Pricing power is highly prized on Wall Street

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Mcdonald’s has employed a “barbell” pricing strategy for decades, luring customers with low-cost items in the hope that they will then splurge on pricier fare. This balancing act is now at risk. On October 27th the fast-food giant said that, due to rising costs, prices at its American restaurants will increase by 6% this year compared with 2020. The burger chain says labour expenses have risen by 10% at its franchised restaurants and 15% at its company-owned locations. Add the rising cost of ingredients and the result is higher prices for burgers and fries. For now, it seems, customers can stomach it. Chris Kempczinski, McDonald’s boss, said the increase “has been pretty well received”. After digesting the news, investors have sent shares in the fast-food firm up by 6%.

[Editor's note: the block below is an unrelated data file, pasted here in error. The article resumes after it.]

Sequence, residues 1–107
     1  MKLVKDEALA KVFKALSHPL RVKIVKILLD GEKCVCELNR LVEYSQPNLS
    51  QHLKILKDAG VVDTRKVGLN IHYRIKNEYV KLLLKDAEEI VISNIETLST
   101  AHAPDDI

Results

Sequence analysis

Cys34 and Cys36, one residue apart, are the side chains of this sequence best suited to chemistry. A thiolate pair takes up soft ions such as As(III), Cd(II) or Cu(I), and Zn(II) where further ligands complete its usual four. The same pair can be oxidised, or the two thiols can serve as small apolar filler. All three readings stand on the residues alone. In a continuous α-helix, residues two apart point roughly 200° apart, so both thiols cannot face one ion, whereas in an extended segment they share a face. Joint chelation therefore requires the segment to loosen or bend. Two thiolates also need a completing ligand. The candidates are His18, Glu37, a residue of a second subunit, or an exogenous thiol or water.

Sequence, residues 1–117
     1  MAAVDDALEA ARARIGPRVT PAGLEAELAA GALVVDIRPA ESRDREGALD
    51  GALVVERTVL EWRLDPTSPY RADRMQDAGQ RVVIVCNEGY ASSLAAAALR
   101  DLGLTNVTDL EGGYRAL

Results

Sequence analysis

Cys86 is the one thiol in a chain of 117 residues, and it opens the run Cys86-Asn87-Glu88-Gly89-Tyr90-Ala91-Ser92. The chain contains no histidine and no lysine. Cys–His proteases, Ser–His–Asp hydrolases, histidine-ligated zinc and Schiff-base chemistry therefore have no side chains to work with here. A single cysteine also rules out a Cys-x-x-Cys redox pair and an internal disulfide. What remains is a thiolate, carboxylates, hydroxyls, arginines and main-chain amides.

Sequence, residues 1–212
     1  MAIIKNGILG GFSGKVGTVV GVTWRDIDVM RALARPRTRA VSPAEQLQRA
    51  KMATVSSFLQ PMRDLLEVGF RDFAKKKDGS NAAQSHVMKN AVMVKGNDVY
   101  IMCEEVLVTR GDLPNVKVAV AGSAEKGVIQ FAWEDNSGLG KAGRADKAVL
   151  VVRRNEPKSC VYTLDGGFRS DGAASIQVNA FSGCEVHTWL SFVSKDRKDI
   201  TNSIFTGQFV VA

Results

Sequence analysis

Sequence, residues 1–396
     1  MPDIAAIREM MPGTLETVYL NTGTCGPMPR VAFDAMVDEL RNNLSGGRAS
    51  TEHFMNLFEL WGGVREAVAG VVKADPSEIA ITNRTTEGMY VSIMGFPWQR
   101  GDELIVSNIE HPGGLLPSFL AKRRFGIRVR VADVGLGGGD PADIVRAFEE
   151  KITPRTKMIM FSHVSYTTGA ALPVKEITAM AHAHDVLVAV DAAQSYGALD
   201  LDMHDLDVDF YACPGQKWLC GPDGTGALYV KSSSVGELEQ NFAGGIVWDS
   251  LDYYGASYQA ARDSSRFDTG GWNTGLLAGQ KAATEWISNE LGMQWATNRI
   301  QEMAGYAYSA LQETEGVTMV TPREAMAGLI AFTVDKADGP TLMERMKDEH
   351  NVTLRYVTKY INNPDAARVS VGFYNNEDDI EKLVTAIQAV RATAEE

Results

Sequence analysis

A growing number of companies are raising prices as costs for labour and raw materials rise, often with no ill effects. This summer PepsiCo, an American food giant, lifted prices for its fizzy drinks and snacks to offset higher commodity and transport costs; it plans further increases early next year. Ramon Laguarta, the firm’s boss, suggested in an earnings call in October that customers do not seem bothered. “Across the world consumers seem to be looking at pricing a little bit differently than before,” he said. In September Procter & Gamble, a multinational consumer-goods giant, raised prices for many of its products. The effect on demand was minimal. “We have not seen any material reaction from consumers,” Andre Schulten, the firm’s chief financial officer (cfo), told analysts last month.

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